CAPTIONS: A crimson sunset paints the Sunflower State sky; Rosanna playfully clambers on some rocks outside of Hays, and trees in Kansas? Autumn paints a blush on the foliage. And take a look at the egg crates that comprise one week of egg deliveries from the Bauman farm. Photos from Rosanna Bauman
By Kevin Williams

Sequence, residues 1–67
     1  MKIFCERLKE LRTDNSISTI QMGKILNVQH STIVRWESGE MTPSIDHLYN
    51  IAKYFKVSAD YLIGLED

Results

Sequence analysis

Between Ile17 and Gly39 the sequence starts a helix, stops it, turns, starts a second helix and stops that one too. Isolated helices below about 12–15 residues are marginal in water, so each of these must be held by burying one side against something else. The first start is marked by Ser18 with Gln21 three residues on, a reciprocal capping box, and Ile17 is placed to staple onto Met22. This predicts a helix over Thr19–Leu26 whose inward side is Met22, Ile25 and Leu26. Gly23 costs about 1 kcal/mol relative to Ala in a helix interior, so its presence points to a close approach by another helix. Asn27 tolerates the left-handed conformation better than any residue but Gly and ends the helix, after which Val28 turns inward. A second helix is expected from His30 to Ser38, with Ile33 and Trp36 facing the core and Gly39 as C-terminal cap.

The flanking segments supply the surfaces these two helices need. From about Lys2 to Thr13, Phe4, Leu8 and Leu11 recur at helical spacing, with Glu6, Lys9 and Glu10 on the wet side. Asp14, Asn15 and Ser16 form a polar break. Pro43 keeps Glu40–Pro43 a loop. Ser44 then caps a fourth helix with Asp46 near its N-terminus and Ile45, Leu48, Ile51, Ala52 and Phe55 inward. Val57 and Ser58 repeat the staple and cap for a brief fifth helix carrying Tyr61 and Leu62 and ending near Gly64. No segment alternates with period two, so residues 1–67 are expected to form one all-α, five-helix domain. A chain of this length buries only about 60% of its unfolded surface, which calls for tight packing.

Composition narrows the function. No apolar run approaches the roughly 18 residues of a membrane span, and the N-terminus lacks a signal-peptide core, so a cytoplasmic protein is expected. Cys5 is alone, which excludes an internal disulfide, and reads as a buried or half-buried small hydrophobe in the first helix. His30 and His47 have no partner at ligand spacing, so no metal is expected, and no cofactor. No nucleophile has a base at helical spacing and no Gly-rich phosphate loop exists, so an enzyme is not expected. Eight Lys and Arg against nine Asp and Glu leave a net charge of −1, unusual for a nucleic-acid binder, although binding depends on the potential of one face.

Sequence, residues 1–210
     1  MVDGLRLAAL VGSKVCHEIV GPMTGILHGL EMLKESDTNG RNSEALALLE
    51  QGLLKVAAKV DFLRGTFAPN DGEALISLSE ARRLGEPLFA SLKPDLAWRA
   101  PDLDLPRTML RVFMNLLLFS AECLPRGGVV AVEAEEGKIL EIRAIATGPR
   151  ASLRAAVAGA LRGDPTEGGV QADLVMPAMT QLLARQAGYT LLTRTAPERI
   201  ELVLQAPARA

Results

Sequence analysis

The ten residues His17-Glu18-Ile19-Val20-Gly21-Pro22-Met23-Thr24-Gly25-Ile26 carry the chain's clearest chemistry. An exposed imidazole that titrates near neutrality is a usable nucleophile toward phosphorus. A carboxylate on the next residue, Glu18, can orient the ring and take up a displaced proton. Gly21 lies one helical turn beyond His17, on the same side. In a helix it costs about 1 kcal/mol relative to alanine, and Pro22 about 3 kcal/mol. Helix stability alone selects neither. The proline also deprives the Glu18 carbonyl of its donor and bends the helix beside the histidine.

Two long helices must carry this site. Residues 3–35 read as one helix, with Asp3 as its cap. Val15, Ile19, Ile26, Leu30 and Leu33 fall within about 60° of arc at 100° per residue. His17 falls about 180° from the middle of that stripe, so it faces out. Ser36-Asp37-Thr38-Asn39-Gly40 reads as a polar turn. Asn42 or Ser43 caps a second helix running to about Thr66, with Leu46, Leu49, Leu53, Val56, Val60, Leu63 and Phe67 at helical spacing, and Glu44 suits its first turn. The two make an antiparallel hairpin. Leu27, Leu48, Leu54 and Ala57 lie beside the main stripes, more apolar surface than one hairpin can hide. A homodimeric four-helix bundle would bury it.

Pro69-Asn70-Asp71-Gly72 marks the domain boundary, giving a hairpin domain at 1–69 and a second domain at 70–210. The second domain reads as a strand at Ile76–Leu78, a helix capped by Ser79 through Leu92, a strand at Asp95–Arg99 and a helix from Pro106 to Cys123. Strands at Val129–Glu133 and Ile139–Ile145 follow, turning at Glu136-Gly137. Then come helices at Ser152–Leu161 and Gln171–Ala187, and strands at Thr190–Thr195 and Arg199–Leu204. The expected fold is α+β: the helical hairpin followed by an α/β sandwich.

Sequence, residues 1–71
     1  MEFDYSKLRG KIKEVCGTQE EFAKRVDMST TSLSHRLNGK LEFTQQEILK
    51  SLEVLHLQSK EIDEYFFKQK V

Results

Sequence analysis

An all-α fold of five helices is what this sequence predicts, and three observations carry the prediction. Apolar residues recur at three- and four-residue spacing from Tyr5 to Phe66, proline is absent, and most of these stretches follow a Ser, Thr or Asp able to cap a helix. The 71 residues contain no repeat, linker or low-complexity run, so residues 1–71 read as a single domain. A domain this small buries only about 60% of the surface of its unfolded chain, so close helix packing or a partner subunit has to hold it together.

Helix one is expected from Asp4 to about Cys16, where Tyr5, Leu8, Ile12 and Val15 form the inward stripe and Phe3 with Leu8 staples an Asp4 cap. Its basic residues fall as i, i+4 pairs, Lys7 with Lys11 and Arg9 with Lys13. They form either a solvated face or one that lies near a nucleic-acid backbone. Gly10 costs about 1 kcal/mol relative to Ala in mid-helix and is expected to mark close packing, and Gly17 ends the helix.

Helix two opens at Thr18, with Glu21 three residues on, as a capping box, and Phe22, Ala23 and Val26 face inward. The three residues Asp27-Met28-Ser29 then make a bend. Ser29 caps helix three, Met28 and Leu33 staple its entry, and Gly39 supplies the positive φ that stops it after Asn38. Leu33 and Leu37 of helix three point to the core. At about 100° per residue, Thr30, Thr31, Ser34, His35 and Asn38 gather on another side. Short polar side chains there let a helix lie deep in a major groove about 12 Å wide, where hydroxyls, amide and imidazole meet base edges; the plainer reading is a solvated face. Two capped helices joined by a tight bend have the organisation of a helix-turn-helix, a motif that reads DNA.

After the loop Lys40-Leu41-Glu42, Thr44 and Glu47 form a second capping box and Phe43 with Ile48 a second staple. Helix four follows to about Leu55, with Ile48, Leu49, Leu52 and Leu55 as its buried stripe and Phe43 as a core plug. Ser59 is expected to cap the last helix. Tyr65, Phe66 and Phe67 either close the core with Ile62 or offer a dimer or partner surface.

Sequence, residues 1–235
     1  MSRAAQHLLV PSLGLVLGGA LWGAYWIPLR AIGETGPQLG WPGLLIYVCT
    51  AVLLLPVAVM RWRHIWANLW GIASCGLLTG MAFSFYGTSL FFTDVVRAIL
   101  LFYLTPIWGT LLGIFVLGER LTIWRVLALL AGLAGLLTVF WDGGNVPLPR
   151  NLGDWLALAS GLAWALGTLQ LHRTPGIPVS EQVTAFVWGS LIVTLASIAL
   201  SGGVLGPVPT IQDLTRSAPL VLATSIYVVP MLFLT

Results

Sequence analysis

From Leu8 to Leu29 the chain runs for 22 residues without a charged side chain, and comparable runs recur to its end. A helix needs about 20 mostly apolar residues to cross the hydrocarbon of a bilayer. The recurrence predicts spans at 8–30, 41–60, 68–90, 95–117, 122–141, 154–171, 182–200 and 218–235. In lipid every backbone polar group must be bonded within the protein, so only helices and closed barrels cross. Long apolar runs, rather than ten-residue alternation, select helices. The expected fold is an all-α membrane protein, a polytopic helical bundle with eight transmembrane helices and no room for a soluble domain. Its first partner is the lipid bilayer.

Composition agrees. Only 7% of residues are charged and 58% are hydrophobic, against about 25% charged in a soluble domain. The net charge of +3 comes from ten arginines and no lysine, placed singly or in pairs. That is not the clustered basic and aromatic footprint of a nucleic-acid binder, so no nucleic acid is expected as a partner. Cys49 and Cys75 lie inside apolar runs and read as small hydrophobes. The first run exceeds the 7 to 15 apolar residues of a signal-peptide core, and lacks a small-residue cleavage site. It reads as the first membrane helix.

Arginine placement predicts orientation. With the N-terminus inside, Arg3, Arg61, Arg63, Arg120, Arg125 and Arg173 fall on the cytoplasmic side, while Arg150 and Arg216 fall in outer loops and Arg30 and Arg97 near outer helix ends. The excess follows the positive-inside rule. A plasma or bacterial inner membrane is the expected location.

Kansas is a place often dismissed as a snore of a state, a locale where wheat-fields stretch to the horizon, where the land is as flat as a freshly pressed shirt, and just generally a big bore. But I’ve seen the “other Kansas,” the Kansas that Rosanna Bauman writes about often. The “other Kansas” is the one you see off the interstate, where sagebrush flats stretch to a crimson western sky. And if one looks closely enough while standing on a prairie outside Dodge City you can see the over century-old ruts of wagon-wheels in the dirt, a talisman to the time when California exerted a magnetic pull on westward travelers. There are places in Kansas where the vastness, the openness, is as symphonic as the sea: the shrill sounds of prairie dogs, the whispering winds breezing through a barbed-wire fence. And there is a neighborliness about Kansas you don’t too many other places. Business is still done on a handshake and running to the store to get some milk might call for a 30 minute drive. There is also a good-natured playfulness to the antics of Kansans, as if one need a bit of a dry sense of humor to make it in such a land-locked locale. So if you ever find yourself crossing the vast sea of prairie between Kansas City and Denver on I-70 you might pencil in a few extra hours to exit the highway and explore, you’ll discover a world of intense beauty far from the the interstate.